Guest Editorial: #MeToo Should Be #ScottsdaleToo
By: Scottsdale Pinetop
Every strong campaign needs a good slogan. For President Trump it was “Make American Great Again.” For World War II Army recruiting it was “I Want You.” A catchy slogan can help win elections or bring people together under a single cause. But if done wrong, it can send the wrong message.
That’s what happened last week to Scottsdale’s Economic Development Department when their “Saguarbro” campaign took a huge hit at the South by Southwest Technology Convention in Austin, Texas.
Throughout the convention, members from the Scottsdale Economic group distributed merchandise that included an image of a saguaro with a man’s head. Underneath it was the sentence “A dude or dudette who is part of the sharp, creative workforce in trendy Scottsdale, Ariz.”
As humorous as it was, the slogan didn’t sit well with many of the attendees. Many called out the campaign for being demeaning to the thousands of successful women in business. Critics of the “bro culture” have often referenced the sexist nature of the technology industry in general. This campaign appeared to be adding fuel to the fire.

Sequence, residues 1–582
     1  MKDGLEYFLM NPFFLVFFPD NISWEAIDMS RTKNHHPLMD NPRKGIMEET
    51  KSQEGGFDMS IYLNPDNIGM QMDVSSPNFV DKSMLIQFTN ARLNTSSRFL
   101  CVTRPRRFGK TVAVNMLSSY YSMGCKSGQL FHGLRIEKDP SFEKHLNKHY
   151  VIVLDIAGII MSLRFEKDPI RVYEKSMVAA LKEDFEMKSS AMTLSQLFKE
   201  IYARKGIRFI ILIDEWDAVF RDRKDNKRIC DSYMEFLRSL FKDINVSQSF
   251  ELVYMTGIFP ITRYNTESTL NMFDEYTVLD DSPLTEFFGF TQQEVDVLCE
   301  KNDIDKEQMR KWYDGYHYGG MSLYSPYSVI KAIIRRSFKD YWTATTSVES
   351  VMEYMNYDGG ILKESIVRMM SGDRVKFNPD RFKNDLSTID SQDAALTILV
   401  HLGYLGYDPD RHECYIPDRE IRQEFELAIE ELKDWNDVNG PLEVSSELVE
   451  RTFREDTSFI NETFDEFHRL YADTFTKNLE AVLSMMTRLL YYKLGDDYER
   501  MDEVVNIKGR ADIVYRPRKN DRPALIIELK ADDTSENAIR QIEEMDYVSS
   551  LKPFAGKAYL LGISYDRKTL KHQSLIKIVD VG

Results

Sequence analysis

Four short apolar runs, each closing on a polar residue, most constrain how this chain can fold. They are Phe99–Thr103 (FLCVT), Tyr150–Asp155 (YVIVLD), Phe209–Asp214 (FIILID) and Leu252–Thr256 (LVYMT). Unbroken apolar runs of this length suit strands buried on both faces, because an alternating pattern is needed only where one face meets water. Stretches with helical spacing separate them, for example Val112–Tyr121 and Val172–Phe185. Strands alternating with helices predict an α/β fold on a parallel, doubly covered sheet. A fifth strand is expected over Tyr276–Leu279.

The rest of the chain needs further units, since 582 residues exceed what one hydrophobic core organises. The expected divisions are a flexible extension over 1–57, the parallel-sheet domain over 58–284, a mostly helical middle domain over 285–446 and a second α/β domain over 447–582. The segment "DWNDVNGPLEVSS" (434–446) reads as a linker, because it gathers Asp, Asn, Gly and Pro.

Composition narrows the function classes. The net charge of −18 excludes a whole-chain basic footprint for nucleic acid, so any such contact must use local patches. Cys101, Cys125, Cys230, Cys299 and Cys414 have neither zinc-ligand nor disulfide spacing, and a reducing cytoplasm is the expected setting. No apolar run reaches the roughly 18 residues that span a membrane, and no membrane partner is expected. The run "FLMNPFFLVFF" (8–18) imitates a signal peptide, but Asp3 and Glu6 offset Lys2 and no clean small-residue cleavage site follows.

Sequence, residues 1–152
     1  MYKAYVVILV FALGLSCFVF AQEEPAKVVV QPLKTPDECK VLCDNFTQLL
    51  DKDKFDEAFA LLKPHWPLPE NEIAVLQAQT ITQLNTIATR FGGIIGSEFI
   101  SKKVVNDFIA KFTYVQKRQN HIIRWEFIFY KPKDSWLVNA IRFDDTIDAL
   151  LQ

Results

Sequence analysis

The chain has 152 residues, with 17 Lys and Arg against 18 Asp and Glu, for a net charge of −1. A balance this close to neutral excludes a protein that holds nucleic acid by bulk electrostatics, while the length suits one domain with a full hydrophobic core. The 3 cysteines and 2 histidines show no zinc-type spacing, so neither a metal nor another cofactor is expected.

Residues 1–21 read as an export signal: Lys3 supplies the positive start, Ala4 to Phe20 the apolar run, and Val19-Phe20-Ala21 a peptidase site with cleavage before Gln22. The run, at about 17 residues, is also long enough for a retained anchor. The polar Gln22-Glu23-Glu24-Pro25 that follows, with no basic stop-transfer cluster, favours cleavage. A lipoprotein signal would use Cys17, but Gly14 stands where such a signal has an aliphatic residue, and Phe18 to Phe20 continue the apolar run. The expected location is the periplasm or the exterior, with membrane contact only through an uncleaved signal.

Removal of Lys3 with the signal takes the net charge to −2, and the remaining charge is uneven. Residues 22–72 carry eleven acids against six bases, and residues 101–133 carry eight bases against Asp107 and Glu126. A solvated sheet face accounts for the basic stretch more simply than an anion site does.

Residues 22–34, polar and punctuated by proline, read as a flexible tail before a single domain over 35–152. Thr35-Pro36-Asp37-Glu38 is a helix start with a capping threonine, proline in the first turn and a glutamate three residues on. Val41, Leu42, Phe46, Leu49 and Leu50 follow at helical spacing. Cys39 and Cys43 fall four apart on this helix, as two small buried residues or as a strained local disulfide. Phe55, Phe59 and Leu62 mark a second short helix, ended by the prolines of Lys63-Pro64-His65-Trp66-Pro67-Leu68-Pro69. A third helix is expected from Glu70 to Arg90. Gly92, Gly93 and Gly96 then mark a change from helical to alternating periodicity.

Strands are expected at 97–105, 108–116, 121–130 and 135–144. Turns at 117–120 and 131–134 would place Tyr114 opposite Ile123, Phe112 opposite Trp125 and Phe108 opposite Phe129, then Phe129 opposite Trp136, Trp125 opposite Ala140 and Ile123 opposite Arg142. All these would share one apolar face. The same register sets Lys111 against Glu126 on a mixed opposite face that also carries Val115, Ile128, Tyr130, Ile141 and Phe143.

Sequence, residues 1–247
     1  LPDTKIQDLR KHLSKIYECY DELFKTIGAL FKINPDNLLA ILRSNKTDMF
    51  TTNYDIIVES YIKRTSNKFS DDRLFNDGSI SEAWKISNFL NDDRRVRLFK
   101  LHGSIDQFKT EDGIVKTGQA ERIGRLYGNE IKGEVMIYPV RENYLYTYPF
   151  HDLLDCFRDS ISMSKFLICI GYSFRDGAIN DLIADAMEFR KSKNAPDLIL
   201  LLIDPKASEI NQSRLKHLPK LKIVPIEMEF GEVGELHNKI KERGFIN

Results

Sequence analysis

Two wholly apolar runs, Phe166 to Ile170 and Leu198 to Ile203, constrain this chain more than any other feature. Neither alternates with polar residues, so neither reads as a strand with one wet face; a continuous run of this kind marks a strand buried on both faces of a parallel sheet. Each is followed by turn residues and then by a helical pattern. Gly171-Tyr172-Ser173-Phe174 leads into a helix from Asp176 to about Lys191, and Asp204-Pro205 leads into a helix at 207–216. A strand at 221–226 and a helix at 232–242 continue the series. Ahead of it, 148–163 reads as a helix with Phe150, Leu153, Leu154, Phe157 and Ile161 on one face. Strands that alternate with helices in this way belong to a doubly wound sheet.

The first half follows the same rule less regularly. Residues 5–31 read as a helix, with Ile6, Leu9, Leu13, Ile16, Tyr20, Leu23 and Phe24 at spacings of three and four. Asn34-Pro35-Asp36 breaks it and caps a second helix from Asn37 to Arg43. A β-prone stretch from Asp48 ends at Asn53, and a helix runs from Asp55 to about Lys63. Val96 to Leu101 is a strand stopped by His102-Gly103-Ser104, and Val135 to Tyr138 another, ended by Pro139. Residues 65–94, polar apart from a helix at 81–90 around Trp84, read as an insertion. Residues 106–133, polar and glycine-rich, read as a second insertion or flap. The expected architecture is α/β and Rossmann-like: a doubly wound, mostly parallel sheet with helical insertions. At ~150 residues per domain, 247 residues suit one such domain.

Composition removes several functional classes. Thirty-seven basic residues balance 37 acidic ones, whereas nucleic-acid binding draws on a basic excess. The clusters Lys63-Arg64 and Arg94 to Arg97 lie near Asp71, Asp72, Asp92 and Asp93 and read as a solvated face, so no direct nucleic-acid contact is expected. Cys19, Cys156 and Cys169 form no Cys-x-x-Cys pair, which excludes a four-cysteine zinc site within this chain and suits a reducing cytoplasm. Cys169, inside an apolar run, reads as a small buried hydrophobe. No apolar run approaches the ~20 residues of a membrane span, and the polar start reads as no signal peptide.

While the campaign was meant to celebrate the thousands of men and women who have helped make the Scottsdale area a hub for technological development, the group has since retracted the campaign and decided to re-evaluate the message that they are attempting to convey. Good.
In a time when women empowerment and equality in the workforce is a hot topic in the news, word choice can drastically affect any campaign – not matter how harmless it may seem. Scottsdalians likes to celebrate the diversity and talent of its community, especially when Scottsdale taxpayer dollars are involved. Future Scottsdale entities should take note of this mishap and embrace slogans that artfully convey a message rather than being just the opposite.
#MeToo is one of the great civil rights marches in recent memory. Scottsdale, with a majority of its City Council being women, should be among the last to act otherwise.